In God’s Eyes

Yael Eckstein  |  August 12, 2020

Students paying attention to the front of a classroom in Israel

Be careful to obey all these regulations I am giving you, so that it may always go well with you and your children after you, because you will be doing what is good and right in the eyes of the LORD your God. — Deuteronomy 12:28

Each week in synagogue, Jews read through the Torah from Genesis to Deuteronomy. The Torah portion for this week is Re’eh, which means “see,” from Deuteronomy 11:26–16:17.

One of the most challenging things about raising teens — and I have two of them — is teaching them to be themselves and stay true to their values. Experts say that teenagers are especially prone to caring about what others think of them, especially their friends. But if we are to raise proud, strong men and women of faith, we must teach our children to overcome the desire to fit in and nourish their capacity to stand up for what they believe in. Most importantly, we need to model this kind of behavior by living lives true to our values and speaking up for what’s right.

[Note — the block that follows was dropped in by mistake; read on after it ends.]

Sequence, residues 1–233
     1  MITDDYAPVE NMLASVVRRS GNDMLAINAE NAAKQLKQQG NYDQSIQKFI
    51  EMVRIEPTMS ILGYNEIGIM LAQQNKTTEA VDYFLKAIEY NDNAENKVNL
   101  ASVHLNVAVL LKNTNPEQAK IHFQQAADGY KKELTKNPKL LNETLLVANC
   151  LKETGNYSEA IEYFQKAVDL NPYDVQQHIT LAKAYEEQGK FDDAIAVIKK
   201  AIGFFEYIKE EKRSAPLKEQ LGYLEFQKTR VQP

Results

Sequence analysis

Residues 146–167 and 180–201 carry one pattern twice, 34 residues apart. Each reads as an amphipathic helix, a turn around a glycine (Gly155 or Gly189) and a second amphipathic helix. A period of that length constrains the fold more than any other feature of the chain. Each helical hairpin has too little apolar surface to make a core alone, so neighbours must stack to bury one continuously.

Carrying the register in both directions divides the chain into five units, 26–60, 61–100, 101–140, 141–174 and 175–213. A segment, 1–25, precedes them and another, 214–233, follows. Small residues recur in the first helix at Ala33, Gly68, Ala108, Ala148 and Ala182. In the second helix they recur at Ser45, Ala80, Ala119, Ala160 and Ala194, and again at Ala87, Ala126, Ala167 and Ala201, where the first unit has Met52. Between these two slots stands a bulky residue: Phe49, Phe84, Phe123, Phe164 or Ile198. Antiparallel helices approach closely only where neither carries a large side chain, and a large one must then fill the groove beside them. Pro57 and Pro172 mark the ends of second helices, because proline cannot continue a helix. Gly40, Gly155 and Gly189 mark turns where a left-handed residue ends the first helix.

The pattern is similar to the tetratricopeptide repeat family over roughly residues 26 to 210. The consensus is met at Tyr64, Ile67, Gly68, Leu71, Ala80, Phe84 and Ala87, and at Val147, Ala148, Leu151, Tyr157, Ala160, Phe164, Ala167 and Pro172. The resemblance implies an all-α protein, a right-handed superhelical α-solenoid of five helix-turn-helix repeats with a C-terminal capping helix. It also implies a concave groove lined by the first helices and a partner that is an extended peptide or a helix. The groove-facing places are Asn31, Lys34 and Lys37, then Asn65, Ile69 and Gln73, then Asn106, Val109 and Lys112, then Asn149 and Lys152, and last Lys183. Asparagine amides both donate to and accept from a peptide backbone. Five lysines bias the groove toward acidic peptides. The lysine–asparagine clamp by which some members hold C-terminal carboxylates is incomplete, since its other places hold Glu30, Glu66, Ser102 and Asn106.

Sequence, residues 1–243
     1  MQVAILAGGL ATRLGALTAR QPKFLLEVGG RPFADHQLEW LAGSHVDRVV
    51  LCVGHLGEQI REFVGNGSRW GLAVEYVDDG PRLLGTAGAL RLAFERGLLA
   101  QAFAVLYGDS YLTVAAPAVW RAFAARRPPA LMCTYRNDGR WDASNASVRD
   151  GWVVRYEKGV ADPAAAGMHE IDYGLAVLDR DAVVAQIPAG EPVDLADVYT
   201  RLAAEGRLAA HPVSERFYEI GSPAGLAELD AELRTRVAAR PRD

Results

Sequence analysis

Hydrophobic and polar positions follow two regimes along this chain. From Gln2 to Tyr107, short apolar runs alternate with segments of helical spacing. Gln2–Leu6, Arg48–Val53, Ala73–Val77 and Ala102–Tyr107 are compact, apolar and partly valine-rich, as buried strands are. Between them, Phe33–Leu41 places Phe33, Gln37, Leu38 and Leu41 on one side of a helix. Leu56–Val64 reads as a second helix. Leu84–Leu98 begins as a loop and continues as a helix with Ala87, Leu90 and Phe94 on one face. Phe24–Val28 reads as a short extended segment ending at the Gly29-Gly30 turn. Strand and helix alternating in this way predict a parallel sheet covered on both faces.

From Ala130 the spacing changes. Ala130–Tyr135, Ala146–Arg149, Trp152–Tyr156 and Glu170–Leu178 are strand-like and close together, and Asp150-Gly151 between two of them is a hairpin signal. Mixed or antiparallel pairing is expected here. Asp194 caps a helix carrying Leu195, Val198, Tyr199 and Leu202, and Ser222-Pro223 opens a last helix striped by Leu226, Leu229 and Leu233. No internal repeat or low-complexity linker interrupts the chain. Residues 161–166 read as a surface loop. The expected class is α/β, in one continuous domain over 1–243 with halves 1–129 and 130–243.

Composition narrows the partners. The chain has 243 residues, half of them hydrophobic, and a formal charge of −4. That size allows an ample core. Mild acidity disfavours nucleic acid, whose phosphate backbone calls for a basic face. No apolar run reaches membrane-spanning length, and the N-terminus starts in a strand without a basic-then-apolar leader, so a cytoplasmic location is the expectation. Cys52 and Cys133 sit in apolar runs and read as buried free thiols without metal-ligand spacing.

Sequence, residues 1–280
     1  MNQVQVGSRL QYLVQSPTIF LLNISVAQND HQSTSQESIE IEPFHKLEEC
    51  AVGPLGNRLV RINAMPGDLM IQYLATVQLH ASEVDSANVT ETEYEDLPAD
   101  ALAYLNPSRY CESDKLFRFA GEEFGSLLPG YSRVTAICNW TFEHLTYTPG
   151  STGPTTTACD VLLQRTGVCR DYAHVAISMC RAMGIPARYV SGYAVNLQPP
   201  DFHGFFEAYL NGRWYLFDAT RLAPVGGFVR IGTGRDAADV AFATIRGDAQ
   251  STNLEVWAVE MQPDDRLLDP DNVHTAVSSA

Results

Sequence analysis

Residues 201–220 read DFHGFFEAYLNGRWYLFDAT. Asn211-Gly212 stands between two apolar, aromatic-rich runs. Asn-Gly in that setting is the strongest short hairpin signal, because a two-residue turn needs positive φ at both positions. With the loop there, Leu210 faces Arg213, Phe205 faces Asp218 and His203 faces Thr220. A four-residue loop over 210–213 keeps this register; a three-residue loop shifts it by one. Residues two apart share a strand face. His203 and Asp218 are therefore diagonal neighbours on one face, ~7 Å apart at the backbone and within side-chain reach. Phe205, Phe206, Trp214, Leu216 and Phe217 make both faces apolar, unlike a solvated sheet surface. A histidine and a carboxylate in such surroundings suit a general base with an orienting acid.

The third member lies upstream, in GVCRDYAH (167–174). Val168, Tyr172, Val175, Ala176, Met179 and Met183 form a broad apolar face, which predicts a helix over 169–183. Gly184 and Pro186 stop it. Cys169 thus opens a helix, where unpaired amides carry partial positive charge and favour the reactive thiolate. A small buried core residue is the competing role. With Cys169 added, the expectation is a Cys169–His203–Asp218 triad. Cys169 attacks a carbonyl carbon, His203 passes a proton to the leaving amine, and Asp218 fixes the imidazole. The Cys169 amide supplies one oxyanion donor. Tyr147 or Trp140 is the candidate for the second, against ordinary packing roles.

In this week’s reading, Moses tells the children of Israel that if they obey God’s commands, life will be good for them “because you will be doing what is good and right in the eyes of the LORD your God.” This phrase teaches us that we must live our lives according to what God will think of us, as opposed to what other people may. There will be times in life when doing the right thing won’t be popular and doing the popular thing won’t be right. Regardless, we need to do “what is good and right in the eyes of the LORD…”

We live in a society where people care immensely about what others think of them. Whether we realize it or not, the things we say, the clothing we wear, and the places we shop are all greatly influenced by how other people will perceive us. While it’s normal and natural to want to fit in, there is also a time and place for standing out. It’s far more important to “fit in” with God and be cast aside by the people around us then to fit in with everyone around us and be cast away by God!

Ultimately, the only approval we ought to seek is God’s. When we make God our only source of approval, we eliminate the need to impress others and free ourselves to live our best, most godly lives.

Your turn:

What encouragement would you give yourself and others when in a situation where your values and beliefs conflict with those around you? Share your thoughts in the comment section.

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